Night-time lights

There are multiple sources of night-time light imagery that can be used. The optimal results will however be achieved by using a dataset cleaned from noise. Noise in this context refers to light being seen on the maps without being emitted from a stable source (e.g. lights being emitted from boats, fires, gas-flaring etc. or because of blooming effects around large cities). The night-time light maps used for these clusters are the ones generated from the Visible Infrared Imaging Radiometer Suite (VIIRS) Day/Night Band (DNB). The VIIRS dataset is of global coverage and in the following study the yearly composite of 2016, the latest yearly composite available at the time of writing, has been used63.

Non-GIS inputs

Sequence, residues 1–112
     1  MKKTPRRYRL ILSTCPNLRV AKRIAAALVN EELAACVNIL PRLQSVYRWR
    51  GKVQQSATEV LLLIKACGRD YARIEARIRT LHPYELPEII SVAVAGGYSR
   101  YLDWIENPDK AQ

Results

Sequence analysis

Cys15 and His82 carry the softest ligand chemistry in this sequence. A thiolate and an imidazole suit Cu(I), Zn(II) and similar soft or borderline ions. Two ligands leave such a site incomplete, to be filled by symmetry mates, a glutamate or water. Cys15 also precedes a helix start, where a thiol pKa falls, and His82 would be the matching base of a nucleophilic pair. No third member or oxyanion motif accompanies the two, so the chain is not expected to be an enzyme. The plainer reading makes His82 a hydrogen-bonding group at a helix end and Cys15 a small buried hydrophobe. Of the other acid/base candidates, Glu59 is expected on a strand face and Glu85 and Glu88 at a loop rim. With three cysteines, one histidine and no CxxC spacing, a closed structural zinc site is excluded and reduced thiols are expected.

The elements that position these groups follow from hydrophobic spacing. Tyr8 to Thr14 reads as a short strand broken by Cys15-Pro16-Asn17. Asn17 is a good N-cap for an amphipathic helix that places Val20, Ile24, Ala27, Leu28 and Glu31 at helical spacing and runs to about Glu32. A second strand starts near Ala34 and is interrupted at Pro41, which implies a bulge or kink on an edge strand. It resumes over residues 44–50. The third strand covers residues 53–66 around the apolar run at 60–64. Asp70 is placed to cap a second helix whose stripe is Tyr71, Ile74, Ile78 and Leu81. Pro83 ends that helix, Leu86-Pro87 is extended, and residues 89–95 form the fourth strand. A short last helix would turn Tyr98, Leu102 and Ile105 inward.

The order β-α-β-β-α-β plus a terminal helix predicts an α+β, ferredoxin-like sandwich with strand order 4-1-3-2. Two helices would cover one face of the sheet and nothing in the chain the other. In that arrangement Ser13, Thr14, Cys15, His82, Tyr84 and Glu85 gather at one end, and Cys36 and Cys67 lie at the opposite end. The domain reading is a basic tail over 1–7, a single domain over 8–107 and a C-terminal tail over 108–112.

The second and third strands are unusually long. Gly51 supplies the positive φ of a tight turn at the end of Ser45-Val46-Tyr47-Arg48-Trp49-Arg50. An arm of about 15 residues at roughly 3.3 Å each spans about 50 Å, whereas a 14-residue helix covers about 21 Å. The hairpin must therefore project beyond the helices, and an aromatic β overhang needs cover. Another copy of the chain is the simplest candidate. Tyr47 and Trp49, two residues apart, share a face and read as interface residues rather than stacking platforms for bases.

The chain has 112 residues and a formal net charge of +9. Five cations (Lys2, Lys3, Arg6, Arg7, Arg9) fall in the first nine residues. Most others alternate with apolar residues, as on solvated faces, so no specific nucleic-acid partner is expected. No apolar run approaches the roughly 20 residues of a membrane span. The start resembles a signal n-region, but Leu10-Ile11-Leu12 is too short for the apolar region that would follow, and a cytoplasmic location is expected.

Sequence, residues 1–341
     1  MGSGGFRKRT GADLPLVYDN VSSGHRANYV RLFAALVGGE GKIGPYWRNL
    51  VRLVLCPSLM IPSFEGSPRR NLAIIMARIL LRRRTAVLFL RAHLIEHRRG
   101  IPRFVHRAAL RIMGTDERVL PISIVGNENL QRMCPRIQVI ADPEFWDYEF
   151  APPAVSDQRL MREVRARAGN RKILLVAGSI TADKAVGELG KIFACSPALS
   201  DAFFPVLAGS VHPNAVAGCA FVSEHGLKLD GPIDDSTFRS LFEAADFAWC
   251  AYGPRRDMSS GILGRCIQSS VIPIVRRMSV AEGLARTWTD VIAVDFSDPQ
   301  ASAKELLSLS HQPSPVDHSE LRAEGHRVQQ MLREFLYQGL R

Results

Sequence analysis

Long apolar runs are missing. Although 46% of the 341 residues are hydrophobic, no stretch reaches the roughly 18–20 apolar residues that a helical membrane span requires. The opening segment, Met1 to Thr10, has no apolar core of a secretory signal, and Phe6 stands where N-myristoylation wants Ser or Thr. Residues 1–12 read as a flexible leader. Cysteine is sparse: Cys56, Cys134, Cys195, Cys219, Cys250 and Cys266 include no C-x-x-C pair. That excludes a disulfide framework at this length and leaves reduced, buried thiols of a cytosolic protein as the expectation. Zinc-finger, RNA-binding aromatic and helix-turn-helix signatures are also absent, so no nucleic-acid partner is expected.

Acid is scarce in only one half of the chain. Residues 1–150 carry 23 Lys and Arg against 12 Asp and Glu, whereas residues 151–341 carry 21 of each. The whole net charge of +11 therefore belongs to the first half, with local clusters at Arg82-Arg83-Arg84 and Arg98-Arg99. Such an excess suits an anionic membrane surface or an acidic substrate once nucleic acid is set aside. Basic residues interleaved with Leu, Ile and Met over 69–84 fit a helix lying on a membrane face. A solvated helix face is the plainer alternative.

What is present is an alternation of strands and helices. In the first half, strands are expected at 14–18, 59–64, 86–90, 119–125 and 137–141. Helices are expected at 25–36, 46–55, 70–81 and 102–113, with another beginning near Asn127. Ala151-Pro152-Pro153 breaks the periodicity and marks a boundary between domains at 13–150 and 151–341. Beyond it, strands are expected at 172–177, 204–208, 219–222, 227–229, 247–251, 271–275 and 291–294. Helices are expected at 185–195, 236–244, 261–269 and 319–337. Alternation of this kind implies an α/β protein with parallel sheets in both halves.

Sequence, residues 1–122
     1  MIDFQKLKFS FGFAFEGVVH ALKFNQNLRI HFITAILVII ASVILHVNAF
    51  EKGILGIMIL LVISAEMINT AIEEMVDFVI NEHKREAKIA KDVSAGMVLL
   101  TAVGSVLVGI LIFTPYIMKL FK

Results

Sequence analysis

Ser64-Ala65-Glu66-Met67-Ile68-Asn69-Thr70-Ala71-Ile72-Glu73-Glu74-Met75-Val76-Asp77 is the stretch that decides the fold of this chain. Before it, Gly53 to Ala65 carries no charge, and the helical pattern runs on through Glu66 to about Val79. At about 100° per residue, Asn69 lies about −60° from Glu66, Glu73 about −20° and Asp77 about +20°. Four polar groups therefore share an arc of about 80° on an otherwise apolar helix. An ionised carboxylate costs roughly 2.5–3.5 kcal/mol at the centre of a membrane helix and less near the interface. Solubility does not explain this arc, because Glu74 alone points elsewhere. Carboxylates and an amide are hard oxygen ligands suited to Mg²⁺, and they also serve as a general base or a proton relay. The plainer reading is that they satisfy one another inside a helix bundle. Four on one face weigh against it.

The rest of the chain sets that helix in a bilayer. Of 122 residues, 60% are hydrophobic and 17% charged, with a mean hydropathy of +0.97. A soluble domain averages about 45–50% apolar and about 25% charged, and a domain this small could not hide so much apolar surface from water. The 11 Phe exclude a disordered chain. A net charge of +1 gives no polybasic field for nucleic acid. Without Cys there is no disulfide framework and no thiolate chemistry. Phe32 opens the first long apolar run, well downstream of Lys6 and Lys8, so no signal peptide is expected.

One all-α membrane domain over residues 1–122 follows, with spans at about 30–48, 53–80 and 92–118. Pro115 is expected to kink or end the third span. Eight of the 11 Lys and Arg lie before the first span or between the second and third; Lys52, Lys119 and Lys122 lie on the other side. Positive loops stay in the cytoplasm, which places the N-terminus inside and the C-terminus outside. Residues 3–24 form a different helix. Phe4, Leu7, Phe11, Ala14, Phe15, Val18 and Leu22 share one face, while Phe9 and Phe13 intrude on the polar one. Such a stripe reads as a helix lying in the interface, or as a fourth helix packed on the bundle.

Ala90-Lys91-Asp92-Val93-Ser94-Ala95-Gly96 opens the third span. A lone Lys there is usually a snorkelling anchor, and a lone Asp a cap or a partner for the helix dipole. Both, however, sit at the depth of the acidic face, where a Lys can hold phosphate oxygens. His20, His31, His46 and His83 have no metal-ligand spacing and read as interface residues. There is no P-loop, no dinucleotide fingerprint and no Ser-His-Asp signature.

Apart from GIS data the population in the study year (used to do a simple calibration of the GIS population), the national urban ratio in the study year (used to determine urban, peri-urban and rural clusters), the name of the study area and the coordinate reference system used for projecting the clusters are needed. The calibration of population is important in order to ensure that the total population in the clusters is in line with the year chosen by the user. The calibration is done by multiplying the same factor to all clusters. For the clusters produced with this paper, we have chosen 2016 as the year (since this match the year of the NTL-map). Population values and urban ratios are from the United Nations Department of Economic and Social Affairs64,65.